He eased off on the accelerator. Her blindness must play havoc with her sense of balance, and his attempt to turn Wisconsin Avenue into a NASCAR track was probably making her feel a whole lot sicker than she let on.

"I'm a jerk," he said.

"But a very charming jerk."

Only her voice didn't sound judgmental. It sounded soft, husky, laced with humor and full of the same new memory he had. Damn.

"I hope you don't get another ticket," she added.

"We're almost there."

Because it matched his own, he could sense her growing excitement. Which triggered another spurt of anger at her assailants. What would it mean to Casey to have her life back again? To focus her efforts on coping with her blindness and moving again toward some happier place?

A place without him.

So maybe she hadn't felt the same heat from that kiss. Graham ran a hand over his five o'clock stubble. He had given her a bad time, he and his oh-so-important job for the U.S. government.

She deserved happiness. With someone else.

"Hell." Graham pulled up in front of the address Holt had given him. And saw no other cars around. The driveway was empty. The modest frame house and scrubby yard looked deserted. There were no cruisers out front. "The cops are late."

"They don't have your traffic skills."

"Yeah, yeah." But he offered her a smile. A smile Casey couldn't see.

Instead, he took her hand. "Why don't you wait here? I'll take a look, see if I can spot that dark sedan."

"No way. I'm coming, too."

Casey pulled her hand free, opened the passenger door, and got out. She released Willy from his bed on the rear seat and grabbed onto his harness.

Graham sighed as he joined her on the sidewalk.

At his first step he froze.

The air around him took on that heavy, overbearing feel that prickled his neck…

"Casey, I want you to stay here."

She kept going. "It was my accident. I've spent the past few weeks in fear of my own shadow. If the guy who owns that car lives here…I want to hear the cuffs snap into place."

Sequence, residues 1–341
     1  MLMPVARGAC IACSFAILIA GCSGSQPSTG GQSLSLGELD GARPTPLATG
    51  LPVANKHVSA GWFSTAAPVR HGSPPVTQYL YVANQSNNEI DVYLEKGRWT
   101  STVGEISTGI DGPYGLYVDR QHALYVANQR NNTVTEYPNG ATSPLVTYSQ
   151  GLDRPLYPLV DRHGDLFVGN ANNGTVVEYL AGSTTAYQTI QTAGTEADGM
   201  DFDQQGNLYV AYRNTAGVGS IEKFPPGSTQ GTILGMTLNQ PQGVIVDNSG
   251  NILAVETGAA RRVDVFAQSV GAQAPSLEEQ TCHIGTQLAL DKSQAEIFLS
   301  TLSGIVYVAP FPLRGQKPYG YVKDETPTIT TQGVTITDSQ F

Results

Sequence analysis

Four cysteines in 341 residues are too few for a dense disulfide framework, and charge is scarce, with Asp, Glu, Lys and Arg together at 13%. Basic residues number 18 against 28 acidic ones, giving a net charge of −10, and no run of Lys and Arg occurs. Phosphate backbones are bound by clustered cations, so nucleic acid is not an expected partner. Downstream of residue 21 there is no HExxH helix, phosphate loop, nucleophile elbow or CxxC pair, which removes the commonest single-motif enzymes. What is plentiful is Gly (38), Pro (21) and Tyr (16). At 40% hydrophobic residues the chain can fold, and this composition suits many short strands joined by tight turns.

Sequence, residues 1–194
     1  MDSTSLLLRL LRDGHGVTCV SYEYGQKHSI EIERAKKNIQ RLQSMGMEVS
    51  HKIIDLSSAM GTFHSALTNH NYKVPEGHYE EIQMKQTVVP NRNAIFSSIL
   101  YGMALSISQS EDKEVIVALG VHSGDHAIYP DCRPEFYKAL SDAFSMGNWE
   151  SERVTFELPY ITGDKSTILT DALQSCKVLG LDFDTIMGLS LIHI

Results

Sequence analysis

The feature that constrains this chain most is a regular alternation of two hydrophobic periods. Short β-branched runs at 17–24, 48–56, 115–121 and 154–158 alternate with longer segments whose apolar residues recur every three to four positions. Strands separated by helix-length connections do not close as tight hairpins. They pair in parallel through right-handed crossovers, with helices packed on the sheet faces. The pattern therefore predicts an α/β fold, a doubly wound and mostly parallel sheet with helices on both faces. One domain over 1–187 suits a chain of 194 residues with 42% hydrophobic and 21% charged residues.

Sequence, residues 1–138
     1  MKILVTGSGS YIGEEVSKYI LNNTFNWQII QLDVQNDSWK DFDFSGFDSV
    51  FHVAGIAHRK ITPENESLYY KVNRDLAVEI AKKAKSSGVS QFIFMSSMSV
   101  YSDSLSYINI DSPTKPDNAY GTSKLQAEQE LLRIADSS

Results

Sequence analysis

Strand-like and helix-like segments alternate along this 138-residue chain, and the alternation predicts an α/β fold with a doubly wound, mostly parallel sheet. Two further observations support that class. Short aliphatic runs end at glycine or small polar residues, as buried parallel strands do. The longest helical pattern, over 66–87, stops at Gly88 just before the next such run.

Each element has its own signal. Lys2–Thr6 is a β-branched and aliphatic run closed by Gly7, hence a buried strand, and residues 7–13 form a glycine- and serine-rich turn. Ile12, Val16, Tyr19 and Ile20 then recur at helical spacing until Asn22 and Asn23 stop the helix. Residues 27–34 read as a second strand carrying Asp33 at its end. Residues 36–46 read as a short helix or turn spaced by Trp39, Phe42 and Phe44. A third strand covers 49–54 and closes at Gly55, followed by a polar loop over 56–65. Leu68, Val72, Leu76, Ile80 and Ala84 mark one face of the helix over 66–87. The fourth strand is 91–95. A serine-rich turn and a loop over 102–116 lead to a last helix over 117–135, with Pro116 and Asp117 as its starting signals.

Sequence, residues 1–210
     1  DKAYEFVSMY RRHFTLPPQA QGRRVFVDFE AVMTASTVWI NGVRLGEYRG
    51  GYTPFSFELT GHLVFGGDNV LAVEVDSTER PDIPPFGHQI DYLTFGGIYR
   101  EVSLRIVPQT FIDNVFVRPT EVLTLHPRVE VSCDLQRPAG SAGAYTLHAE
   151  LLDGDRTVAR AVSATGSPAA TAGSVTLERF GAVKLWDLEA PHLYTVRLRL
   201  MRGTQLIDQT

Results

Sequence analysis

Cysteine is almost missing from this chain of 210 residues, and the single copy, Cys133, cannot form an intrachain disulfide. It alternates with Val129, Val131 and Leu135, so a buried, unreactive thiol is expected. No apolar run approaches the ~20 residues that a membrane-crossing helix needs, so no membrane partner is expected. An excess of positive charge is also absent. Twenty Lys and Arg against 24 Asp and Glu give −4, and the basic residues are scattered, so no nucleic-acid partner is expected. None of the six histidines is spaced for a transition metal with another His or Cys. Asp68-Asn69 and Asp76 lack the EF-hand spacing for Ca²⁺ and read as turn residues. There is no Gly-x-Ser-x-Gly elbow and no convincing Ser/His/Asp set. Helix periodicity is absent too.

Graham caught her shoulder. "Later. Right now there's something wrong."

She sent him a quizzical look. Willy did, too.

Electricity seemed to zing through the atmosphere into Graham's body, along his nerve endings. Either he needed a vacation, or they were walking into trouble.

At the garage door he peered inside, holding Casey back with one hand on her forearm. He could feel her pulse beat too, under his fingers. Quick and strong.

"Do you see the car?" she asked.


But then, he changed his mind. He saw something.

Something bad. Was he right?

"Please. Wait here."

He left her standing with Willy, looking after Graham with a puzzled expression. Better she should feel confused than get hurt again.

Adrenaline pumping, he slipped into the garage through the side door. Not to his surprise, it had been unlocked.

A second later he was crouching over a woman lying in the interior doorway, half in the garage, half inside the adjoining kitchen.

At a slight sound behind him, Graham automatically reached for his gun, hidden by his sports jacket in his shoulder holster. He drew it out only to find Casey at the side entrance, her head tilted with curiosity in his direction.


"There's a woman here," he told her. When he hunkered down, her hand fell open and he saw something else that made fresh alarm rush through him. "She's dead."

© Leigh Riker    All Rights Reserved